Norway Can Offer You More Than Skiing in Winter

Photo : Norderlicht

Norway in the winter is a veritable
paradise for skiers and snow-lovers. However, this enduring season of Norway is
also commonly linked to boredom and depression. But in fact, winter can be
quite magical and fun in this country. Also skiing does not necessarily have to
be at the top of your list. There´s something for everyone here: winter walks,
dog-sledding, and snow scooter safaris are just some of the activities that can
be done to feel the joy of cold breeze.

Explore
Oslo and Bærum in Winter

Photo
: Wikimedia /janovebrenden.no 
The
name of this interesting town comes from the ironworks (Bærums Verk) that was
built by Paul Smelter in the 1600s to produce cannon shells.

Oslo Guidebureau offers guided walking
tours in Oslo in the winter season for easy goers, with a different route and
theme for each day of the week. The tours are conducted in Norwegian and
English. Tickets can be bought directly from the guide – at a cash-only cost of
380 NOK for whole family.

Monday: Oslo – Architectural and
Multicultural Contrasts

Tuesday: Discover Detective Harry Hole's
Oslo

Wednesday: Edvard Munch and Henrik Ibsen

Thursday: City Hall and Oslo Concert Hall

Friday: Oslo Cathedral and Kvadraturen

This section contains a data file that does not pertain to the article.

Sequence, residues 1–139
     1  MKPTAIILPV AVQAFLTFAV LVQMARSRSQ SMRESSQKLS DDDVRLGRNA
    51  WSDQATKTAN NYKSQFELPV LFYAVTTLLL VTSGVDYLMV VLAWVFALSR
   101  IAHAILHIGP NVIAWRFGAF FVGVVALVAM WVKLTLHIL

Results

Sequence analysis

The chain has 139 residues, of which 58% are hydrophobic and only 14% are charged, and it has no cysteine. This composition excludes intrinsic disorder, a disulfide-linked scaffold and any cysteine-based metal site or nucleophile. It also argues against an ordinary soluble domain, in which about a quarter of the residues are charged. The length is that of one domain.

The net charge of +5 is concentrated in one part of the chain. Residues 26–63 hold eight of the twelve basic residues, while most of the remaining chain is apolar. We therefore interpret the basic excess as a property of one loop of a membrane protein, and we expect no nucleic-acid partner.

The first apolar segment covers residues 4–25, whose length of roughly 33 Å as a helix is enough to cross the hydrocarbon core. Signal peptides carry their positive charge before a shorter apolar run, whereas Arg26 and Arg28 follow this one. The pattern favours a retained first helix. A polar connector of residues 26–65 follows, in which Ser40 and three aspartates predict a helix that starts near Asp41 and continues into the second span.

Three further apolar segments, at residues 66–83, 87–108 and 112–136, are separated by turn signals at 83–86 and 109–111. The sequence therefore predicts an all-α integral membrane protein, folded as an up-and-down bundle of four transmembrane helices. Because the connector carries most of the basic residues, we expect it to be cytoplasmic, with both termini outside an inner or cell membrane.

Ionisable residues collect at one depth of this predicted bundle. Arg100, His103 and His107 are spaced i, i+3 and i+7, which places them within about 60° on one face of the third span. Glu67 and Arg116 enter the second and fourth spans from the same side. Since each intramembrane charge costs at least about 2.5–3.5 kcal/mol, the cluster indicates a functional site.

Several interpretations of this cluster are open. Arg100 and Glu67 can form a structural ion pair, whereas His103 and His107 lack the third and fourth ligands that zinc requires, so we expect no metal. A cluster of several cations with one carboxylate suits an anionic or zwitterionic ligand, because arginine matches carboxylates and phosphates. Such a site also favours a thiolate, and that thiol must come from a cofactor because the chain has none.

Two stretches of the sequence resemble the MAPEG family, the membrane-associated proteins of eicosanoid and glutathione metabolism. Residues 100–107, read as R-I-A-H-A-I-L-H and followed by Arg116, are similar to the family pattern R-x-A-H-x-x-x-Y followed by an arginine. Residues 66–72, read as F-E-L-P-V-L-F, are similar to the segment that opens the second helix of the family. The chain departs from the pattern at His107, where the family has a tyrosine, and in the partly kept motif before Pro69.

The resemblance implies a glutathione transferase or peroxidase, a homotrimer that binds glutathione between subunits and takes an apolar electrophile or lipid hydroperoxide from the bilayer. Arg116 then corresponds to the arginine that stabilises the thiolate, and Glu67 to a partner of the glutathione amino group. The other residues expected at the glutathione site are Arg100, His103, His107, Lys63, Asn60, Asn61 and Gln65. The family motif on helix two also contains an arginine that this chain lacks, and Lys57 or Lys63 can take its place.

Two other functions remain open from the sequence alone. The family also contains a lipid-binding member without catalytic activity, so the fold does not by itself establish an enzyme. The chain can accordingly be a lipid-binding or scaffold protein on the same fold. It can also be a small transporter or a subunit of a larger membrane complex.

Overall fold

Saturday: 1000 years in Oslo

Sunday: Vigeland – His Museum and Park

Alternatively, Bærums Verk offers around 50
shops, workshops, galleries and restaurants for exploring. In an industrial
historical setting dating back to the early 1600’s, trade, craft, history and
culture are intertwined and form the basis for activities and cultural
experiences such as glassblowing, design, specialty shops, sculpture park,
historic outfield and a modern trading. Trade city Bærums Verk has received
numerous national and international awards for innovation in the development of
shopping centers. Trade Bærums Verk is located at the entrance to the pocket
valley, not far from Sandvika.

A
More Exotic Norwegian Experience: Dog Sledging

Photo:
Snow Danzer
Finnmarkslopet,
dog sledge race. The prince of Norway running a sledge

Dog-sledging is just one of Norway's
exhilarating outdoor pursuits: you'll travel a long distance very quickly, with
dogs as your faithful companions – meaning no engine noise and no exhaust. Once
out on the trail the only sounds you will hear is the breathing of the dogs and
the padding of their feet as they walk. Dog-sledging tours are available
throughout Norway, and tours of various distances are available. The most
exciting part is ability to take charge of your own team of dogs without a
prior experience. The dog-sledging centers usually provide professional
instruction.

Korketrekkeren
– tobogganing

Photo : Jay Hawksean The traditional
toboggan is made of bound, parallel wood slats, all bent forward at the front
to form a sideways 'J' shape.

If you are not a ski person, try this
enjoyable snow experience. Take the local metro to the top of the toboggan run,
and get an adrenalin rush going down at great speed. When you get to the bottom
of the run, you simply get on the metro again to reach the top!

The toboggan run is located right next to
the original bobsleigh run, built for the 1952 Olympic games. It is lit up in
the evening, and don’t be surprised to find that adults are just as eager as
children when it comes to this rather original form of activity.

Snow-Shoeing
and Snow Golf in North